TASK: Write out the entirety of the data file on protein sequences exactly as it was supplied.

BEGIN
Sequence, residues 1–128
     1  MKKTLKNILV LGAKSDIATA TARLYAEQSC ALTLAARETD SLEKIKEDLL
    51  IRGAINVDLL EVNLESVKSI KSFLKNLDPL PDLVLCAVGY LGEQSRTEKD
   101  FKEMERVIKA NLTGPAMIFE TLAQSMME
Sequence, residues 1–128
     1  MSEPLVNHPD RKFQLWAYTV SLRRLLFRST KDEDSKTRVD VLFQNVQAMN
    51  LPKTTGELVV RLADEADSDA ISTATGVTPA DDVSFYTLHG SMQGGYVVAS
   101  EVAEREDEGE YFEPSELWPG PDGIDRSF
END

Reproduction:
Sequence, residues 1–128
     1  MKKTLKNILV LGAKSDIATA TARLYAEQSC ALTLAARETD SLEKIKEDLL
    51  IRGAINVDLL EVNLESVKSI KSFLKNLDPL PDLVLCAVGY LGEQSRTEKD
   101  FKEMERVIKA NLTGPAMIFE TLAQSMME
Sequence, residues 1–128
     1  MSEPLVNHPD RKFQLWAYTV SLRRLLFRST KDEDSKTRVD VLFQNVQAMN
    51  LPKTTGELVV RLADEADSDA ISTATGVTPA DDVSFYTLHG SMQGGYVVAS
   101  EVAEREDEGE YFEPSELWPG PDGIDRSF